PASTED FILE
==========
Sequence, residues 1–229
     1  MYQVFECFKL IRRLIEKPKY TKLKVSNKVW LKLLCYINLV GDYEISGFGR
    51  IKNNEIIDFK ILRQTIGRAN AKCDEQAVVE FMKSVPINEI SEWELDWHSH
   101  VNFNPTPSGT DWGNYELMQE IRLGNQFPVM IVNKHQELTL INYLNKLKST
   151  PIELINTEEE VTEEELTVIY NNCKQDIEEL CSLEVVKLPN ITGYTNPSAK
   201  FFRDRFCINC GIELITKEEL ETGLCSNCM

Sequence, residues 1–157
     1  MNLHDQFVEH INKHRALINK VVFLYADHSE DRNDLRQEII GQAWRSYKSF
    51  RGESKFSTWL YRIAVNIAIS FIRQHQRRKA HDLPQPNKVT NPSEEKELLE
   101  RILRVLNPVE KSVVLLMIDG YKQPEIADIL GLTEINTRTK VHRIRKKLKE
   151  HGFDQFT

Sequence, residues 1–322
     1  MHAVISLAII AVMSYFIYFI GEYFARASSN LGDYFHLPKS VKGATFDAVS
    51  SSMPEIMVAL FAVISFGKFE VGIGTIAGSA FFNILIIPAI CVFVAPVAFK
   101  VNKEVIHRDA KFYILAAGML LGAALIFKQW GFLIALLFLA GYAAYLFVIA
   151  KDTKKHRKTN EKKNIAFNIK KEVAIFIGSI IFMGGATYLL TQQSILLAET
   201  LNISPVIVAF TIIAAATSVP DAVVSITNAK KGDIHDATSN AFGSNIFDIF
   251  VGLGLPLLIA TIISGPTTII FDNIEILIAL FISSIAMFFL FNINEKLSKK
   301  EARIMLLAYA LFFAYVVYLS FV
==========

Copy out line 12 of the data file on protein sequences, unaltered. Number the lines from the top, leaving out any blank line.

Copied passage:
Sequence, residues 1–322